Much has been written about the phenomenon of the Selfie. There is even a whole new greeting card category dedicated to Selfie-inflicted humor. But it is the proliferation of Selfie Sticks that troubles me.
Selfie on a Stick — a local company that sells the device online and at select Nordstrom and Opening Ceremony stores — has seen a 3,000 percent growth in sales in November alone. They’ve sold out of their Nordstrom stock three times already this season.
My concern is with neither the aesthetics of bizarre compositions nor the sharing of TMI that should remain private.
The problem is that this invention is yet another way for people not to relate to each other. This add-on to the Selfie trend goes the extra yard to improve the end result for the self-photographer. This makes it even less likely he or she would turn to a stranger to document the moment at hand, further ensuring autonomy. It saddens me to think of losing the random human encounters, the warmth, generosity and enthusiasm expressed by hundreds of strangers I’ve enlisted to photograph me with friends or family. And when I, unsolicited, offer camera services to a couple, family or group of tourists struggling to get everyone into their snapshot (except themselves) I am consistently met with smiles of gratitude and profuse thanks. Everyone gets this! As a professional artist, I get an additional kick, thinking of the hundreds of my “anonymous” photographs circulating all over the world.
Clearly, we have been transformed, and in my opinion, damaged by our increasing self-sufficiency. With our dependence on and gratification with our devices as our primary relationships, it should come as no surprise that entrepreneurs have captialized on our withdrawal from others, creating the current boom- Professional Cuddlers. According to Stephanie Armour’s cover story in the Wall Street Journal:
“the cuddle-for-hire business is taking off—even though the clothes stay on. Thousands of customers across the country are booking appointments with professional cuddlers in at least 16 states…plans are underway for a cuddling convention…One free app, Cuddlr, launched in September and already has had about 240,000 downloads, according to Charlie Williams, a founder and developer. The location-based social-media application allows users to find people near them to cuddle with. Between 7,000 and 10,000 people are using the service daily, he says. The company’s slogan: ‘Ever just want a cuddle?'”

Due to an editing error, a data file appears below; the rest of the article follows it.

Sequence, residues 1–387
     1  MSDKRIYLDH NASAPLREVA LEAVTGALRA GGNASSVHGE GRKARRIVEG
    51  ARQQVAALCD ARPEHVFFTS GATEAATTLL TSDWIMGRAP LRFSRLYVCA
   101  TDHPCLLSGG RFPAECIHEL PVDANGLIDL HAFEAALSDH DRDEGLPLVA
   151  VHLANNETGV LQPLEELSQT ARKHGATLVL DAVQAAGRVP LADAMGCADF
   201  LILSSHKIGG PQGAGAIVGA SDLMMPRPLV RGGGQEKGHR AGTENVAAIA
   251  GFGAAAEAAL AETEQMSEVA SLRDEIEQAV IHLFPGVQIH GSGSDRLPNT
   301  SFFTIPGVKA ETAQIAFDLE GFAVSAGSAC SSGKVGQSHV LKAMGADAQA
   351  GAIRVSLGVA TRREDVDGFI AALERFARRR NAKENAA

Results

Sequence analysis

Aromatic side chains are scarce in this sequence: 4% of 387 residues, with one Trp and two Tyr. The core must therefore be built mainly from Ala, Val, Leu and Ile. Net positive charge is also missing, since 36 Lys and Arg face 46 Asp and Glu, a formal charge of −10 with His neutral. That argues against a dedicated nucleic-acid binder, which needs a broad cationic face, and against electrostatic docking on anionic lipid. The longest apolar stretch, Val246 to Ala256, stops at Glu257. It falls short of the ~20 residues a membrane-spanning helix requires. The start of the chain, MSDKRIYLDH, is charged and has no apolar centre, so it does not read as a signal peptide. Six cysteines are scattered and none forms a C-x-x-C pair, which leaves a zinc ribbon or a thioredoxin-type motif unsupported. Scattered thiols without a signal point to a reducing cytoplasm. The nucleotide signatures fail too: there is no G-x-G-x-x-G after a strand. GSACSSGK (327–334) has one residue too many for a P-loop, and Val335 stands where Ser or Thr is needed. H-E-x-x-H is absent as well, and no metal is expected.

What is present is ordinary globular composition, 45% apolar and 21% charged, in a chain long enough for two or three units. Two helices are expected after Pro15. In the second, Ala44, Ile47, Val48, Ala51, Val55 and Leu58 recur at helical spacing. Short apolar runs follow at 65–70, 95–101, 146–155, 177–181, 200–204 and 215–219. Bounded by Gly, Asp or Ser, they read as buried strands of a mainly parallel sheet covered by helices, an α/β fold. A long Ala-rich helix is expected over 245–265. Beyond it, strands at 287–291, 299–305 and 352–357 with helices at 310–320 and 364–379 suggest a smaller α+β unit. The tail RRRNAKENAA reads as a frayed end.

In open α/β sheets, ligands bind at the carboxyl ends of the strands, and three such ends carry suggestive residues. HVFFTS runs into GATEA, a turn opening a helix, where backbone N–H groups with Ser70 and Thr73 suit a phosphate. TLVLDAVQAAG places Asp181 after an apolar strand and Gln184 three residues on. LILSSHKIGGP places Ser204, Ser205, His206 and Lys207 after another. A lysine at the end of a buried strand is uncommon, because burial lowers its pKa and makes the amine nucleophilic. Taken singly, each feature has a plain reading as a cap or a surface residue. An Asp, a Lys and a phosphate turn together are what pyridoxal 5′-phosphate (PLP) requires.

Someday, we will better see the negative impact of technology on the human brain and interpersonal relationships. As we deepen our committment to our devices for the sake of speed and efficiency, we see automation enables autonomy. It’s difficult to imagine how humankind will fare over time. In The Descent of Man Charles Darwin, who popularized the phrase survival of the fittest, was misunderstood to believe exclusively in our competitiveness and aquisitiveness. However, Darwin himeself noted that, “humankind’s real power comes in the ability to perform complex tasks together, to sympathize and cooperate.” In The Descent of Man, the word love appears 95 times while the famous term survival of the fittest, appears only twice.
Happily, we are hard-wired to connect; the vagus nerve releases oxytocin at simply witnessing a compassionate act. Inter-relatedness is the norm amongst many species, from insects and birds to deer and primates, who operate based on consensus decision-making.
Married to our hands-free electronic devices we crave human touch, which can now be purchased on-line. Although we have access to infinite possibilities when we hold the whole iWorld in our hands, I’d advise bucking the trend and find ways to engage with real people before we forget how. It’s the Smart thing to do.